Comment on:

The following comment refers to this/these guideline(s)

Guideline 12


Researchers document all information relevant to the production of a research result as clearly as is required by and is appropriate for the relevant subject area to allow the result to be reviewed and assessed. In general, this also includes documenting individual results that do not support the research hypothesis. The selection of results must be avoided. Where subject-specific recommendations exist for review and assessment, researchers create documentation in accordance with these guidelines. If the documentation does not satisfy these requirements, the constraints and the reasons for them are clearly explained. Documentation and research results must not be manipulated; they are protected as effectively as possible against manipulation.


An important basis for enabling replication is to make available the information necessary to understand the research (including the research data used or generated, the methodological, evaluation and analytical steps taken, and, if relevant, the development of the hypothesis), to ensure that citations are clear, and, as far as possible, to enable third parties to access this information. Where research software is being developed, the source code is documented.

Documentation in the life sciences

In the life sciences, an increasing quantity of data is generated that is exclusively available in digital form. For this reason, the use of electronic documentation facilities such as electronic laboratory notebooks is recommended. Data security and protection from manipulation must be ensured when using electronic documentation. The change history should be verifiable based on file versioning.

Experimental approaches in the life sciences are complex: here, the description of experimental conditions, observations and the accompanying parameters should be as complete as possible, but details of the analysis and data evaluation steps (metadata, pipeline, workflow, script language) are likewise required in order to ensure that the results are verifiable and comparable. In connection with animal studies, for example, the ARRIVE guidelines cover some of these aspects and should be taken into account. A collection of recommendations going beyond this for the documentation of various life science research approaches is to be found in the EQUATOR Network.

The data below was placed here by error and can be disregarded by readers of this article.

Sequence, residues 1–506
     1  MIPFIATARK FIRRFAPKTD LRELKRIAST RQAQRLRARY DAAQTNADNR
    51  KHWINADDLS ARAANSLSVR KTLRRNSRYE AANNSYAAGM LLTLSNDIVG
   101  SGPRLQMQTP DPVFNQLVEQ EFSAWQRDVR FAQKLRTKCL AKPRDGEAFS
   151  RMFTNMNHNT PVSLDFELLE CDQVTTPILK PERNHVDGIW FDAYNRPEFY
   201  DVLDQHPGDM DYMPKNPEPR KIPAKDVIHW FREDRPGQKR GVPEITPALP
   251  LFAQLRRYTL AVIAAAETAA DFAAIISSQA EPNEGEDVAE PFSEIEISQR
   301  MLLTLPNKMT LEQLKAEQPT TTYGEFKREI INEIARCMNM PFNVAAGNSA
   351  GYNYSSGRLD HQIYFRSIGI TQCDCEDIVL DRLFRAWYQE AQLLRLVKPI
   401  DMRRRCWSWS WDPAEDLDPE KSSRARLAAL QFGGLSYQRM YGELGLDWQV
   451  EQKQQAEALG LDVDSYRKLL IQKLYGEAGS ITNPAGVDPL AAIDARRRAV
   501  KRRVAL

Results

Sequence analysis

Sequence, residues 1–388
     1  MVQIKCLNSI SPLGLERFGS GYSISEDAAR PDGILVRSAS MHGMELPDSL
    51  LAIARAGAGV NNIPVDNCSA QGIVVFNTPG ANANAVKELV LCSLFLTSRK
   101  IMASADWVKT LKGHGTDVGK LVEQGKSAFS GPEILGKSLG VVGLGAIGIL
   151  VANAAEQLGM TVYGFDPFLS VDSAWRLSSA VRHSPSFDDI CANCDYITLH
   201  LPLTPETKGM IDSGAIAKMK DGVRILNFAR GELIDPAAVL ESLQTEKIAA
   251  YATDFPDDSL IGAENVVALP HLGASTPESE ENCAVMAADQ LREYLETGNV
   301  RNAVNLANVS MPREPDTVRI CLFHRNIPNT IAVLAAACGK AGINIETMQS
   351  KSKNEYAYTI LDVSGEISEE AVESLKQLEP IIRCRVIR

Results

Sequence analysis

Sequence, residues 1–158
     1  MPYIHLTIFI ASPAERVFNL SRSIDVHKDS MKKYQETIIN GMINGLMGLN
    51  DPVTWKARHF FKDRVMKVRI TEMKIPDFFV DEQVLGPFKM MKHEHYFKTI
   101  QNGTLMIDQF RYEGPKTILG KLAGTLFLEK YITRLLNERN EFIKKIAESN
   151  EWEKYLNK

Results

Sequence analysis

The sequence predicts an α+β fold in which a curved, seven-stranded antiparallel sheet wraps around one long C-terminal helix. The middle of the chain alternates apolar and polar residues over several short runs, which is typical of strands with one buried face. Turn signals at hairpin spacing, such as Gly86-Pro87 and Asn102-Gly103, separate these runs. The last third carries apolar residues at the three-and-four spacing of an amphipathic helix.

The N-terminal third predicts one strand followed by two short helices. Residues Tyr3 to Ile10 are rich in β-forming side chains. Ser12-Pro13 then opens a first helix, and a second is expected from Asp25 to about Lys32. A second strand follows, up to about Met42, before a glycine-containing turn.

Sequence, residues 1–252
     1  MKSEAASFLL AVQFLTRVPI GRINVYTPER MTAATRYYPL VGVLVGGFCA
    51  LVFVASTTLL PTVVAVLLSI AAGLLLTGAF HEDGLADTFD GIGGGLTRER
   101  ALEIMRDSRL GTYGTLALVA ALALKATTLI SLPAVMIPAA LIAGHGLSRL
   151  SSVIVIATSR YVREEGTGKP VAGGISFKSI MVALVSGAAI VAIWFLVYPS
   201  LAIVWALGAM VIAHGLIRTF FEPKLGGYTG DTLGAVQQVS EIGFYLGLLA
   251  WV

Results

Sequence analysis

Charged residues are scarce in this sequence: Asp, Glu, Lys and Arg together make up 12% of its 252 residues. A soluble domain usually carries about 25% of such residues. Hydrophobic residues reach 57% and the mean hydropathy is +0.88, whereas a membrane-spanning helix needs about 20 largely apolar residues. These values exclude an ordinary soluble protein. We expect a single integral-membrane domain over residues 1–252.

Many of the measuring devices used in the life sciences contain integrated software that is often not freely available. This means that data processing steps are often not fully verifiable. In order to ensure comparability of the data, information about the integrated software should be included in the description of the measurement data. Freely available software solutions should be used wherever possible.

When using software tools and data sets, always state the version number and, where applicable, the date of access.

When preparing publications, particular attention should be paid to the processing and editing of illustrations according to good research practice, especially when these are used for the summary and comparative visual presentation of results (expression analyses, etc.). In publications, the interpretation of data sets also requires particular care as does the description of the necessary background information.

The comment belongs to the following categories:

GL12 (Life sciences)